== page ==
61. Manzo, Kate. 2008. “Imaging Humanitarianism: NGO Identity and the Iconography of Childhood.” Antipode 40 (4): 632–57.CrossRefGoogle Scholar
  62. Milanich, Nara B. 2009. Children of Fate: Childhood, Class, and the State in Chile, 1850–1930. Durham, NC: Duke University Press.Google Scholar
  63. Mintz, Steven. 2004. Huck’s Raft: A History of American Childhood. Cambridge: Harvard University Press.Google Scholar
  64. Mostafanezhad, Mary. 2014. Volunteer Tourism: Popular Humanitarianism in Neoliberal Times. Burlington, VT: Ashgate.Google Scholar
  65. Myers, William, and Michael Bourdillon. 2012. “Concluding Reflections: How Might We Really Protect Children?” Development in Practice 22 (4): 613–20.CrossRefGoogle Scholar
  66. Nieuwenhuys, Olga. 2013. “Theorizing Childhood(s): Why We Need Postcolonial Perspectives.” Childhood 20 (1): 3–8.CrossRefGoogle Scholar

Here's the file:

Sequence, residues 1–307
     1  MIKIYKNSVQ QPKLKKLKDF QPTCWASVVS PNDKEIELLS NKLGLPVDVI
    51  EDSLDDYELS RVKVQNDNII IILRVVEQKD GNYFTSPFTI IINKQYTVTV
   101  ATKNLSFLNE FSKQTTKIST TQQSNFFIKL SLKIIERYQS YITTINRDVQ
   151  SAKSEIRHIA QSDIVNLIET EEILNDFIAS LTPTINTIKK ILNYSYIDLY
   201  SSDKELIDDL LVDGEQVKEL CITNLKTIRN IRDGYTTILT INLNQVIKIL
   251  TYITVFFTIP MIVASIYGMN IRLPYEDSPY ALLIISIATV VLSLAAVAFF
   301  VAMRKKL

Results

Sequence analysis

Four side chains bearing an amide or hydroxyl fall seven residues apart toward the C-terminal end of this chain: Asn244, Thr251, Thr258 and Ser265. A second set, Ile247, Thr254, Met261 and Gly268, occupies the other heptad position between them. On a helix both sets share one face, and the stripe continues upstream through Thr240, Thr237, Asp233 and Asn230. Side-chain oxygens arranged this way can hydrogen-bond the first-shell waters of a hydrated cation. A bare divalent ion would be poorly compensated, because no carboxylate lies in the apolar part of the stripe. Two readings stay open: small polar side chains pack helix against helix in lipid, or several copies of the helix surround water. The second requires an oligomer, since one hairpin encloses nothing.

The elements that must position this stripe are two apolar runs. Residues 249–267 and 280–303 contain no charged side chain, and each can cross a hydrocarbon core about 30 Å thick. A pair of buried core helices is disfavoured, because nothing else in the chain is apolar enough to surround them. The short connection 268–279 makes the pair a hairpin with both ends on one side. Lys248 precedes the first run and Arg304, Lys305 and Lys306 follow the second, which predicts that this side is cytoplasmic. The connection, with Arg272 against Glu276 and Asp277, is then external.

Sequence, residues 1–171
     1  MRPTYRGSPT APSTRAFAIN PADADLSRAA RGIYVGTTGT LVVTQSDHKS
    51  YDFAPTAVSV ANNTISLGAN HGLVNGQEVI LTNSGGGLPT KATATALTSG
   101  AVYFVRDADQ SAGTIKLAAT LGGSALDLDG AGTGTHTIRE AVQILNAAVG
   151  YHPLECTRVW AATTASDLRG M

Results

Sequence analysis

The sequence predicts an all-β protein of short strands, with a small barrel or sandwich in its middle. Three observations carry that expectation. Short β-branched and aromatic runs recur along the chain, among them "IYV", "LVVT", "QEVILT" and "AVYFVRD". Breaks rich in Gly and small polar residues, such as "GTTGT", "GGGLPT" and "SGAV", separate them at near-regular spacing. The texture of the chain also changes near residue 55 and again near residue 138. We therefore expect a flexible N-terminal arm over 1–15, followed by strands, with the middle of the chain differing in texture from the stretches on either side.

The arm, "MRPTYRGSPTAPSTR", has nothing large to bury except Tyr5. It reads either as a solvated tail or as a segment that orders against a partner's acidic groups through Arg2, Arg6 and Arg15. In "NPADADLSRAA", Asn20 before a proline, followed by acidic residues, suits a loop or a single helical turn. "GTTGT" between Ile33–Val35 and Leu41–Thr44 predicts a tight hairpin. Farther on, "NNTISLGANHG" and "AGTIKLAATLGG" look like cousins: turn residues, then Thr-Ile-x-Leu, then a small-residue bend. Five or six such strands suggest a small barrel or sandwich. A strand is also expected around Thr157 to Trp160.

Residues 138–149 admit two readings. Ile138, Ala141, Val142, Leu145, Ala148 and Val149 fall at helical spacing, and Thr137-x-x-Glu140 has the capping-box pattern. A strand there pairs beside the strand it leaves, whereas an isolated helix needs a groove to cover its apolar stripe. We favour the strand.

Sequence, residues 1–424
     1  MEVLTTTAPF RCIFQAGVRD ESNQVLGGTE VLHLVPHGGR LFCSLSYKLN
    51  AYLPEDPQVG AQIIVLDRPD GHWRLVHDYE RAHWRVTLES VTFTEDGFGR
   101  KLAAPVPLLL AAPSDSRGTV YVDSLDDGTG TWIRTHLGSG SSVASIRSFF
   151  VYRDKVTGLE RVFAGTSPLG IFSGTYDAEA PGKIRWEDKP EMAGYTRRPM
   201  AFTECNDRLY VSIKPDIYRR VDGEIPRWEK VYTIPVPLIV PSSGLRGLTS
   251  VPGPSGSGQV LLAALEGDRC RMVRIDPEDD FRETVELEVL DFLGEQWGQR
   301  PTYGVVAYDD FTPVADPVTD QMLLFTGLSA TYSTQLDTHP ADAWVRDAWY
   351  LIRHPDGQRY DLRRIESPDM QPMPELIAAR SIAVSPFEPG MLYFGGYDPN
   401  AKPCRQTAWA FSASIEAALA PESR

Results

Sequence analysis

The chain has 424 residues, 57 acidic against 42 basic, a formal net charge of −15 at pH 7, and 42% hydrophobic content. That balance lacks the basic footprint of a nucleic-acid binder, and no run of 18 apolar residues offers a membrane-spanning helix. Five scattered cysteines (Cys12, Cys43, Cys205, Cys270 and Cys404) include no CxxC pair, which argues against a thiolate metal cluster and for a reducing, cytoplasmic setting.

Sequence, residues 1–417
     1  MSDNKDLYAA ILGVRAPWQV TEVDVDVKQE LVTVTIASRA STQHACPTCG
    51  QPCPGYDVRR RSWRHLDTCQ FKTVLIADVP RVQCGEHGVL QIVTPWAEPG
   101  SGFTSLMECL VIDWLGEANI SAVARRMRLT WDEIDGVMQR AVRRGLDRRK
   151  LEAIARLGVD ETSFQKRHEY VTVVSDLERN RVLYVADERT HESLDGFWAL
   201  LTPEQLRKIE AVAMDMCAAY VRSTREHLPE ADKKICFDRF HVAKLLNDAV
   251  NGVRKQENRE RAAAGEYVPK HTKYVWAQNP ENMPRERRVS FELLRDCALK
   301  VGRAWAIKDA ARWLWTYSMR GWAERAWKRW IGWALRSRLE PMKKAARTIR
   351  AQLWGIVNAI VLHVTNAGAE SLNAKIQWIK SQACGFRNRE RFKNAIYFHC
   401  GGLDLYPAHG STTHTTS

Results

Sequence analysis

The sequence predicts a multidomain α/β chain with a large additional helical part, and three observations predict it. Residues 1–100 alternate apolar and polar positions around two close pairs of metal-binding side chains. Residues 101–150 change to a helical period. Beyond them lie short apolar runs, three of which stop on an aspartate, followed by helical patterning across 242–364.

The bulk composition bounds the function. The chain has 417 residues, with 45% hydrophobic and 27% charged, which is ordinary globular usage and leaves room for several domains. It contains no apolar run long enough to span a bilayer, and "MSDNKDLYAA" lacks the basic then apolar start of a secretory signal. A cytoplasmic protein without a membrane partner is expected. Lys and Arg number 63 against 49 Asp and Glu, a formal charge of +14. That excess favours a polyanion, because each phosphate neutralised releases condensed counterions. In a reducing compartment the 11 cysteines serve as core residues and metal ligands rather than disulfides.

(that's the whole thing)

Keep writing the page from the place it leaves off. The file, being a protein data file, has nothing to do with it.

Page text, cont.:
67. Pfeiffer, James 2004. “Civil Society, NGOs, and the Holy Spirit in Mozambique.” Human Organization 63 (3): 359–72.CrossRefGoogle Scholar
  68. Pupavac, Vanessa. 2001. “Misanthropy Without Borders: The International Children’s Rights Regime.” Disasters 25 (2): 95–112.CrossRefGoogle Scholar
  69. Read, Peter. 1981. The Stolen Generations: The Removal of Aboriginal Children in New South Wales from 1883 to 1969. Canberra: Department of Aboriginal Affairs.Google Scholar
  70. Rizzini, Irene. 2002. “The Child Saving Movement in Brazil: Ideology in the Late Nineteenth and Early Twentieth Centuries.” In Minor Omissions: Children in Latin American History and Society, edited by Tobias Hecht, 165–80. Madison, WI: The University of Wisconsin Press.Google Scholar